Coping with drug addiction is a complicated task that requires significant planning. Loved ones of addicts struggle with the daily tasks and subtle nuances of ‘dance’ that they must play with an addict. They must be loving and caring towards the addict, but they must not take care of or enable the addiction. This is especially difficult for some loved ones as they do not want to see the addict struggle or suffer. Watching a loved one struggle with addiction and suffer through the pain and depression that is addiction is terrible. It is also part of the recovery process and required if that addict is to eventually get help. The goal of any family is to see their addicted loved one quit using drugs and/or alcohol and get treatment for their addiction. The first step families must take in getting an addicted loved one to accept treatment is to get them to understand what they are doing. That requires everyone in the family, including friends, to set boundaries for the addict and stick to them. They must be willing and able to follow through with any punishments they promise if those boundaries are broken.
What are the Boundaries?
Boundaries for addicts are any number of ‘lines’ that families and loved ones set for an addict’s behavior. Addiction pushes people to do any number of things that they would otherwise never commit. These actions are different for each addict and different for every family member. Whatever the boundary may be, it is essential that the family member stick to what they have agreed to do when those boundaries are crossed. Boundaries can be any number of types of behaviors or actions that a family member is not going to allow to happen. They are often behaviors that place the addict and those around them in some sort of danger. Using drugs or alcohol in the family home, operating machinery while under the influence, being ‘high’ around children, taking money from others, stealing, absence from work or family activities or any other behavior the family deems unacceptable.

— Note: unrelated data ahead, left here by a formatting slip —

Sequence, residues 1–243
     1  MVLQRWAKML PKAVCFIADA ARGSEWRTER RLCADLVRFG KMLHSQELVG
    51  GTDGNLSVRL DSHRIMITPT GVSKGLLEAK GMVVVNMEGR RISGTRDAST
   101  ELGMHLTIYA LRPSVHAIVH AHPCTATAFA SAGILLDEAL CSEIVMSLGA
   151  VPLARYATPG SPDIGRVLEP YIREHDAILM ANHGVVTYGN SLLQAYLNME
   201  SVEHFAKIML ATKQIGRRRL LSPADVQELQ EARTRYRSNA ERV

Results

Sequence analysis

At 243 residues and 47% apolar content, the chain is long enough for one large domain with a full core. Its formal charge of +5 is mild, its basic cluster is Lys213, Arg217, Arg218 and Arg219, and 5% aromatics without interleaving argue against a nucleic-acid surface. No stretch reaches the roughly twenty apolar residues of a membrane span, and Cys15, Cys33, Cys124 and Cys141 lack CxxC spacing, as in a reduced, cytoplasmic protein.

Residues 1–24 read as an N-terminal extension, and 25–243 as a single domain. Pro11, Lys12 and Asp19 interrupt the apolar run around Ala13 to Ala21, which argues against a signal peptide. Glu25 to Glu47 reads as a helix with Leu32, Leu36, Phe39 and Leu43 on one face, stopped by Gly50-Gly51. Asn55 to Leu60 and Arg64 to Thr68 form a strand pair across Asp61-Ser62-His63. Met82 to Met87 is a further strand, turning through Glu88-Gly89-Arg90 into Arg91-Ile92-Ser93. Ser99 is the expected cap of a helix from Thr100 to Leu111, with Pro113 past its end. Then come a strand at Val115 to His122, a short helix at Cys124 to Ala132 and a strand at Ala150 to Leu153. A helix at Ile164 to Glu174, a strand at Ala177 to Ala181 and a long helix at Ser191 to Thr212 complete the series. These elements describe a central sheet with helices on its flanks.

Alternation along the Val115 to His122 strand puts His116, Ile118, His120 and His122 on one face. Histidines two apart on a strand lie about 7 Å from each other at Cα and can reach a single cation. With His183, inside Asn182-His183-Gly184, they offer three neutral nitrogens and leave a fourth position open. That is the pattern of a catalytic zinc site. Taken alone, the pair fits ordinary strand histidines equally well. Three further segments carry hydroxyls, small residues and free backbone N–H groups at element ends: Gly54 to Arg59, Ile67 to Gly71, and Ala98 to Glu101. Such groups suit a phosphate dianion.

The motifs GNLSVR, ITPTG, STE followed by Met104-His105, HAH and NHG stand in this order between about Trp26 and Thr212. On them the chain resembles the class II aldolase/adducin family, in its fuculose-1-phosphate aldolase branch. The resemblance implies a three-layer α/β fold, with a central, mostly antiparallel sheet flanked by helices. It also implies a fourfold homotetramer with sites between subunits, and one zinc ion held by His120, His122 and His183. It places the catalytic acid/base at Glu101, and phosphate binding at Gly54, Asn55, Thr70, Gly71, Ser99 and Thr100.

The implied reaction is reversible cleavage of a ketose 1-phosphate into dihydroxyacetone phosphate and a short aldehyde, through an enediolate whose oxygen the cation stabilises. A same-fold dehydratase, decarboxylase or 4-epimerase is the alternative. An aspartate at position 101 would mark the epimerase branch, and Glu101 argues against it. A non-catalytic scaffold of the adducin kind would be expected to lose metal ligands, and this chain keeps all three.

Why Set Boundaries?
Boundaries are set for two main reasons; the first being that the family should not have to suffer from the addiction as well. Most people do not realize the torment that addiction plays on the loved ones of addicts. Watching a loved one slowing destroy their lives is troubling enough, but also having money stolen or children’s lives disrupted or experiencing any abuses, physical or emotional, are all part of the damages that addiction can cause. It is important that families are able to carry on with their lives as happy and healthy as possible. The second reason for setting boundaries is so the addict can get help. Addicts must suffer the consequences of their addiction, without this they can continue to use and abuse drugs for several years. They must understand and experience the pain and suffering that addiction causes.
What to Do if an Addict Crosses the Line?
If an addict crosses the line it can be difficult to follow through with the consequences that have been set. It is important to stay close and connected with all the loved ones who have set boundaries. Boundaries should be set at an intervention, where the addict is made aware of those boundaries, everyone’s feelings and the consequences of those boundaries. Reach out for love and support from family and loved ones to follow through with those consequences. They could be separated from the addict, divorce, relocation of the children, moving the addict out, not giving them anymore money or any number of ways to no longer directly support the addiction. The important thing is to find strength in yourself and family to follow through with the consequences of the addict’s behavior.